Monday, June 24, 2013

The Gambia changes tune on ‘chicken legs ban’

Now, Yahya Jammeh said ban on chicken legs imports will be implemented in September.
Following mixed reactions on the June 6 “immediate” ban on importation of frozen chicken legs, The Gambia Government in a change of tune last week, said the ban will take effect in September.

The ban will take effect in September 2013, President Yahya Jammeh announced in a meeting at Basse, the administrative capital of the Upper River Region.

Mr Jammeh linked the high rate of ill health in the West African nation to the type and quality of food that people eat.

The country’s ministries of Trade and Health said they banned chicken legs imports “after a careful review and consideration”. The two ministries said the decision is intended to protect the health and welfare of the public and to ensure that consumers get value and quality for their money.

“The Gambia cannot be used as a dumping ground for sub-standard products or as a transit point to other ECOWAS countries for such products,” they added.

No option

However, consumers and sellers of frozen chicken legs told FPI sources “We are left without option”.
“We know that majority of the people cannot afford the cost of beef or mutton,” they complained on June 10.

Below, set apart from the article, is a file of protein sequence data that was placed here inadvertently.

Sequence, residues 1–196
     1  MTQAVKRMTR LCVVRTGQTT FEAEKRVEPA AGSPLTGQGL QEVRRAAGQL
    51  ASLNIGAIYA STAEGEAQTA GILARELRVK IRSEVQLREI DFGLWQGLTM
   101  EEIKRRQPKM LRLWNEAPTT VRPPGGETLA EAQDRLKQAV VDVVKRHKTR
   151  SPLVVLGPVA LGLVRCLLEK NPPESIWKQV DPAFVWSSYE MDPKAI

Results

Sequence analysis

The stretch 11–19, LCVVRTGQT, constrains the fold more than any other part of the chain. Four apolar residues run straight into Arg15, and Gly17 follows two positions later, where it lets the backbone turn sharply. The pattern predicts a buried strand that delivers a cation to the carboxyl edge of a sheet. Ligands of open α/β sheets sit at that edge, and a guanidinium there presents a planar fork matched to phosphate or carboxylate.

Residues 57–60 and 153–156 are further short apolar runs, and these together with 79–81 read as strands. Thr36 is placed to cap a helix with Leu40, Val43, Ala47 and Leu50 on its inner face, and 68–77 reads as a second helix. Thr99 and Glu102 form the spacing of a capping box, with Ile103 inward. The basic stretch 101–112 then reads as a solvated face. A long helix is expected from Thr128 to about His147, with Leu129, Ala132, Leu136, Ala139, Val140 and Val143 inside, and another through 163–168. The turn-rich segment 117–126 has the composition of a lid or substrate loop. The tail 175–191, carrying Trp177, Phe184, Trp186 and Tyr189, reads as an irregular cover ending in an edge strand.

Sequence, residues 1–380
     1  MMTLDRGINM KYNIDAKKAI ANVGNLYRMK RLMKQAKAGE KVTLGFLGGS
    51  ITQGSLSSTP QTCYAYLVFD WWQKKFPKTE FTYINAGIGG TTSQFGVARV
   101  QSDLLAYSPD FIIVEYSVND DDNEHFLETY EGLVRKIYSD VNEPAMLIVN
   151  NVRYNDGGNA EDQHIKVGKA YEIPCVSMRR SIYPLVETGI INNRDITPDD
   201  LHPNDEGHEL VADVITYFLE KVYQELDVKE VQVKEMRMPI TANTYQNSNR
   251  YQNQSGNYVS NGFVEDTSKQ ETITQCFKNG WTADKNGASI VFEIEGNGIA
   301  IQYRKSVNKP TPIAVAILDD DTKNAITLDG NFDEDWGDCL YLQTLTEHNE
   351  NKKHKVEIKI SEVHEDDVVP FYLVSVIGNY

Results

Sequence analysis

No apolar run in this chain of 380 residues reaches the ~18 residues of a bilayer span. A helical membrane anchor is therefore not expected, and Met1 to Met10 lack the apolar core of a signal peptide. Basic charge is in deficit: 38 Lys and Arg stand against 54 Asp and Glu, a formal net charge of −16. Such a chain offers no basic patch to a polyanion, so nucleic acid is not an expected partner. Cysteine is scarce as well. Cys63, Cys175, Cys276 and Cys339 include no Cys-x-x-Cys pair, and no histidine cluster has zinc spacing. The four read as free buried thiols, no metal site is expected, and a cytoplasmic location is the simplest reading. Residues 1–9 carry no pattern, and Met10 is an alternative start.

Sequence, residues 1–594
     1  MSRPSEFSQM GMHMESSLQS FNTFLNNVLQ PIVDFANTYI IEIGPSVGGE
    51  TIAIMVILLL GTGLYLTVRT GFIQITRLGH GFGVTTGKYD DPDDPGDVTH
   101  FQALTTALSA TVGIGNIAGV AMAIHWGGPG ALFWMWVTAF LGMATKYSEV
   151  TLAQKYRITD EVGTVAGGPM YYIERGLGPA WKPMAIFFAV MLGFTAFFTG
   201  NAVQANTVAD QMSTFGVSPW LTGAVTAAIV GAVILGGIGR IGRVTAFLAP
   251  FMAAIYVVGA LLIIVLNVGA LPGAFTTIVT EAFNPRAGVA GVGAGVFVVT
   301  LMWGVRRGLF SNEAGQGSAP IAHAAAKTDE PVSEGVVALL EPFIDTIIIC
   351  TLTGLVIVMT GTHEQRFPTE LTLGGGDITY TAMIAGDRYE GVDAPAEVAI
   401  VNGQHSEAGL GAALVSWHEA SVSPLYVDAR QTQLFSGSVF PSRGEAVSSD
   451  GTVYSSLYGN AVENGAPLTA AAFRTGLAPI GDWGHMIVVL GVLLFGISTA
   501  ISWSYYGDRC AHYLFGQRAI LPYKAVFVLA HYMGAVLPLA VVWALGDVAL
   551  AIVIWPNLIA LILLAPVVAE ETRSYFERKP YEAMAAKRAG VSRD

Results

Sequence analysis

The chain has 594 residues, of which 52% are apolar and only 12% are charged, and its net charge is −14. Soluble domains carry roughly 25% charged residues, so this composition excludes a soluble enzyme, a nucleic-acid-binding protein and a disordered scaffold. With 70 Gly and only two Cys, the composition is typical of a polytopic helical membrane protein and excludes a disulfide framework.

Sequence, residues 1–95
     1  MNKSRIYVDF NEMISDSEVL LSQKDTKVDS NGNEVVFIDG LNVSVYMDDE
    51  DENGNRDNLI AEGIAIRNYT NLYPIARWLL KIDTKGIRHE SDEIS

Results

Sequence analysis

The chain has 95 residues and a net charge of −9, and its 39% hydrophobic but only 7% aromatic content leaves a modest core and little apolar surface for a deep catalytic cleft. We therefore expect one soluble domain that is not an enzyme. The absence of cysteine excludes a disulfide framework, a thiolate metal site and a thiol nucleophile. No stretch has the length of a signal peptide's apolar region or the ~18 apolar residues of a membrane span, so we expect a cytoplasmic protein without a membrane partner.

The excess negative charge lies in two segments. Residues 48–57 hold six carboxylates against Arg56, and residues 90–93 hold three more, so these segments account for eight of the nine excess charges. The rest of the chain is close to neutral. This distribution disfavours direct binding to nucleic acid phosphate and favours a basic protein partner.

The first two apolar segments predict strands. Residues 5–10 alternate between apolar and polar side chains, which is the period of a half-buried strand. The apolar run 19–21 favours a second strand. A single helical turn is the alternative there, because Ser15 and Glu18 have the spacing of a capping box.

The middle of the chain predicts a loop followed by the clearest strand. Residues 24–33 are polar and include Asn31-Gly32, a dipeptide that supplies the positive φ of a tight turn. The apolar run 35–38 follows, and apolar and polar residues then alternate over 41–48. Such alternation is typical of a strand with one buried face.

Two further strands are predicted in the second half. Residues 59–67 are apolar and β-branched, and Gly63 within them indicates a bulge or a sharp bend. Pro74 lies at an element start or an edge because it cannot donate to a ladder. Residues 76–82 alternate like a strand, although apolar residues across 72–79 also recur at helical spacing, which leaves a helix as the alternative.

People were seen buying the chicken legs from vendors at the Serrekunda market despite authorities citing health implications associated with frozen chicken legs.

A retailer said: “I have nothing to say, because everybody knows what is going on and this is very sensitive, am afraid.”

“If they want to ban these chicken legs it will really affect the poor people who cannot afford to buy those expensive meats,” the woman said on condition of anonymity.

“This is so sad. I think people will feel the pinch of this Government’s action during the Ramadan, the Muslim holy month,” she added.

Thorough examination 

Lamin Kanyi, a frozen chicken legs buyer, suggests the Government to thoroughly examine the health implications involved.

“I think the Government should re-inspect the health implication linked to the consumption of frozen chicken legs. If nothing is found, businesspeople should be allowed to continue the importation of the product,” Kanyi said.

“The cows, goats and sheep we rear in the country are very expensive and not all of us can afford a kilo of beef or mutton. Many of us can easily afford to buy the chicken legs,” he added.

“If the chicken legs we have here are not good for our health or lack quality, then the Government should ensure better quality chicken legs are allowed into The Gambia,” said another vendor who preferred not to give her name.

She added: “There is no need to ban it. You cannot tell me that all chicken legs are of poor quality and unhealthy.”

But, vendor Bintou Gassama asked: “If these chicken legs are not good for our health why do health officials allowed the product into the country for far too long?”

“In the first instance the Government should not allow the product into the country after knowing it is not healthy, but banning it after people are already use to it will really do no good to businessmen and women and poor consumers,” she argued.

Written by Modou S. Joof
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